June 23, 2010
Adios El NiÃ±o, Hello La NiÃ±a?
The latest image of Pacific Ocean sea surface heights from the NASA/European Ocean Surface Topography Mission/Jason-2 oceanography satellite, dated June 11, 2010, shows that the tropical Pacific has switched from warm (red) to cold (blue) during the last few months. The blue area in the center of the image depicts the recent appearance of cold water hugging the equator, which the satellite measures as a region of lower-than-normal sea level. Remnants of the El NiÃ±o warm water pool, shown here in red and yellow, still linger north and south of the equator in the center of the image.
The image shows sea surface height relative to normal ocean conditions. Red (warmer) areas are about 10 centimeters (4 inches) above normal. Green areas indicate near-normal conditions. Purple (cooler) areas are 14 to 18 centimeters (6 to 7 inches) below normal. Blue areas are 5 to 13 centimeters (2 to 5 inches) below normal.
A La NiÃ±a is essentially the opposite of an El NiÃ±o. During a La NiÃ±a, trade winds in the western equatorial Pacific are stronger than normal, and the cold water that normally exists along the coast of South America extends to the central equatorial Pacific. La NiÃ±as change global weather patterns and are associated with less moisture in the air, resulting in less rain along the coasts of North and South America. They also tend to increase the formation of tropical storms in the Atlantic.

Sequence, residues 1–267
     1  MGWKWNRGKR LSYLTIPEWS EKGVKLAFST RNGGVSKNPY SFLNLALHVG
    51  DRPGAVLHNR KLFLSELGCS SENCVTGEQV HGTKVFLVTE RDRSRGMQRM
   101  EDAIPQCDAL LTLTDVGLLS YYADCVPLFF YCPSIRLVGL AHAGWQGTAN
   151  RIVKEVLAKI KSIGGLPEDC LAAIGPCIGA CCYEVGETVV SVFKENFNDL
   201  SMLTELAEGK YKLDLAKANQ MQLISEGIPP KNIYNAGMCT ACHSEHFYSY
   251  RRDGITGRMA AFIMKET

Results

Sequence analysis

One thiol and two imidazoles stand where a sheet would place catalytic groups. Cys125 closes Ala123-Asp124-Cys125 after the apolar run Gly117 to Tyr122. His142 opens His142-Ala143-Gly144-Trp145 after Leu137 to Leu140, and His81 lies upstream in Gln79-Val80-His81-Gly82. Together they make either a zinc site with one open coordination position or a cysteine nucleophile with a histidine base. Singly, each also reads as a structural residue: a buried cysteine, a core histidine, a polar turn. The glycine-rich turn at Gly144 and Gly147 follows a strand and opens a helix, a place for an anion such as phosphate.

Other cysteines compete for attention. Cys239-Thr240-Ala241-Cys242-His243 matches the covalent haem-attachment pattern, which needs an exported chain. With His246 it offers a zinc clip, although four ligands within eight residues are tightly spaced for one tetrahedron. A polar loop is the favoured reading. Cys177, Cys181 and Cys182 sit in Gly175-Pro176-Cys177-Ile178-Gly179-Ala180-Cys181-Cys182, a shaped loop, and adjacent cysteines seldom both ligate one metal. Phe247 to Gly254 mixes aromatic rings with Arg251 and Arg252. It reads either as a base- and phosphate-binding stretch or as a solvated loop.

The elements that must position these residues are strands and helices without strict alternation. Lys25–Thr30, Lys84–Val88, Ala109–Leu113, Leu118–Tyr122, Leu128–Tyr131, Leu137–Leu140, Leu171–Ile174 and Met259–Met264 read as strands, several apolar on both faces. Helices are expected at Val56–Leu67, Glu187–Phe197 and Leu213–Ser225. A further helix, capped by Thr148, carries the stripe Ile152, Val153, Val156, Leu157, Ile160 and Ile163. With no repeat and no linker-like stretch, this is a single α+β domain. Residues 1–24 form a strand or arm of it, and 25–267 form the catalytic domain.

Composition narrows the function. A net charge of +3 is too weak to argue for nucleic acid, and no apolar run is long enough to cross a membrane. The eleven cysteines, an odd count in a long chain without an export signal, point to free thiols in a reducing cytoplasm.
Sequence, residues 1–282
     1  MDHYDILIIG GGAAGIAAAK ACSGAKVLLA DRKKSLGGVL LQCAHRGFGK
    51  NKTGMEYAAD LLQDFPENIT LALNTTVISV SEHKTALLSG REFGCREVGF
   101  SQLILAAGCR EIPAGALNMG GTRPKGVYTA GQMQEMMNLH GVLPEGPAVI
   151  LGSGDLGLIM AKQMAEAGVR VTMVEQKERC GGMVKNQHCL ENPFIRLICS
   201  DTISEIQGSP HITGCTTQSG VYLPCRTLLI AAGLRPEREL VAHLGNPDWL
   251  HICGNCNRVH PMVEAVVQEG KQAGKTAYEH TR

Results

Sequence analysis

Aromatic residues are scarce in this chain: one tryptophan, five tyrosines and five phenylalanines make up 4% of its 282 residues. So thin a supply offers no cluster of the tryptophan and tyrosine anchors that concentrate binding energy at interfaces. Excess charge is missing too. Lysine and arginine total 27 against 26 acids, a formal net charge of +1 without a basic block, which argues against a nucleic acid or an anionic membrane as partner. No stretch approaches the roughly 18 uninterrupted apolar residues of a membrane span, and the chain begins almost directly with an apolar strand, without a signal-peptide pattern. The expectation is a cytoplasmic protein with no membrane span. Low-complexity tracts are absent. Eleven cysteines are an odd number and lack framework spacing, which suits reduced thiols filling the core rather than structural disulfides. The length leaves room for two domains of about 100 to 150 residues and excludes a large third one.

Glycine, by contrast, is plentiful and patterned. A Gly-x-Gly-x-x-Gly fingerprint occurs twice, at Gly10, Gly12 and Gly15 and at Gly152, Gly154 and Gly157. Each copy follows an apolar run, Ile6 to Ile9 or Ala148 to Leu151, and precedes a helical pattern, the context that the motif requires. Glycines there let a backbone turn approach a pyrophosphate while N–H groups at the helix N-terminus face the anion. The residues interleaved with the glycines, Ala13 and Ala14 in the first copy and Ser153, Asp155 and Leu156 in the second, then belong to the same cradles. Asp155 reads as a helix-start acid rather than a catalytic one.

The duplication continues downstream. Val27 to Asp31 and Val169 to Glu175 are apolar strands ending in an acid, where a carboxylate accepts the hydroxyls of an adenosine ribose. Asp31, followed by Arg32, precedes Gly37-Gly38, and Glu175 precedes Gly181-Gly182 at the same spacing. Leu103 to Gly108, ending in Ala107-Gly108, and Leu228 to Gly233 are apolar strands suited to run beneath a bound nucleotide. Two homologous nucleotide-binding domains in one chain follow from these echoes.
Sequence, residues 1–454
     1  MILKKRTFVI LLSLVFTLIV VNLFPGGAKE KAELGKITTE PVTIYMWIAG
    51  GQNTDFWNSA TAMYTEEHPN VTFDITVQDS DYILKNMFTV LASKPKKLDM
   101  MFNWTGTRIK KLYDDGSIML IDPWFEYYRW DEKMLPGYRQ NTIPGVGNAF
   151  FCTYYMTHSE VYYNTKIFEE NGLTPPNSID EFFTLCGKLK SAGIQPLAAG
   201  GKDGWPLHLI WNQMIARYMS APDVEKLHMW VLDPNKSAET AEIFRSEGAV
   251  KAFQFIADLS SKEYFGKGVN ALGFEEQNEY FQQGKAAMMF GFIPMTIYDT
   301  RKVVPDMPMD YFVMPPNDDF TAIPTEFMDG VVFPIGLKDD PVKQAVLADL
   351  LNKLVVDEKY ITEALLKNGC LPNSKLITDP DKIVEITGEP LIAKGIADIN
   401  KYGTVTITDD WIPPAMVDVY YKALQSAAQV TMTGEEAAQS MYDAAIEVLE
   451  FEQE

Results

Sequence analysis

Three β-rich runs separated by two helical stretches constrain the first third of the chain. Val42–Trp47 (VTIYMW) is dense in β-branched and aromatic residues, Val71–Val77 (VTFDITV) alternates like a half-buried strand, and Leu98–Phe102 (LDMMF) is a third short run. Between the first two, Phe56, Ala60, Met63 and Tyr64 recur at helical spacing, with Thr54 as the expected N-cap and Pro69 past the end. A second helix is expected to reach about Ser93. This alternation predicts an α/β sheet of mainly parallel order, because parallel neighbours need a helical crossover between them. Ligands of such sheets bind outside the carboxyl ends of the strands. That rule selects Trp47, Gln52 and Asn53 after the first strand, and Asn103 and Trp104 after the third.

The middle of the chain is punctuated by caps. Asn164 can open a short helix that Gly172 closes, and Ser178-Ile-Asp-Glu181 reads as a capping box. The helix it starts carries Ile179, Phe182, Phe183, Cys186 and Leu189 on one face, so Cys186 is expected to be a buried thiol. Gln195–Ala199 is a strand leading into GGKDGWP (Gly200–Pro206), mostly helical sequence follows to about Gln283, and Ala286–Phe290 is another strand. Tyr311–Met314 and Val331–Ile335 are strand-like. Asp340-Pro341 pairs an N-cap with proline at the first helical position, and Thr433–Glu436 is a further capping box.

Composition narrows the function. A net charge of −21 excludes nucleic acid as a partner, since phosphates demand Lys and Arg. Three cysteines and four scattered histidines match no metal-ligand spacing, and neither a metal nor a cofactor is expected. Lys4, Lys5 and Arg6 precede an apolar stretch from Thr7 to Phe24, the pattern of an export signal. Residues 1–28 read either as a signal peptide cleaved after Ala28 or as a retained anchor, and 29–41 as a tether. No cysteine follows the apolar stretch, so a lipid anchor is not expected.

"For the American Southwest, La NiÃ±as usually bring a dry winter, not good news for a region that has experienced normal rain and snowpack only once in the past five winters," said Patzert.
Image Caption: The latest data from the NASA/European Ocean Surface Topography Mission/Jason-2 satellite show that the tropical Pacific has switched from warm, or higher-than-normal sea surface heights (shown in red) to cold, or lower-than-normal sea surface heights (shown in blue) during the last few months. Image Credit: NASA/JPL Ocean Surface Topography Team
On the Net:
- For more information on El NiÃ±o, La NiÃ±a and Jason-2, visit: http://sealevel.jpl.nasa.gov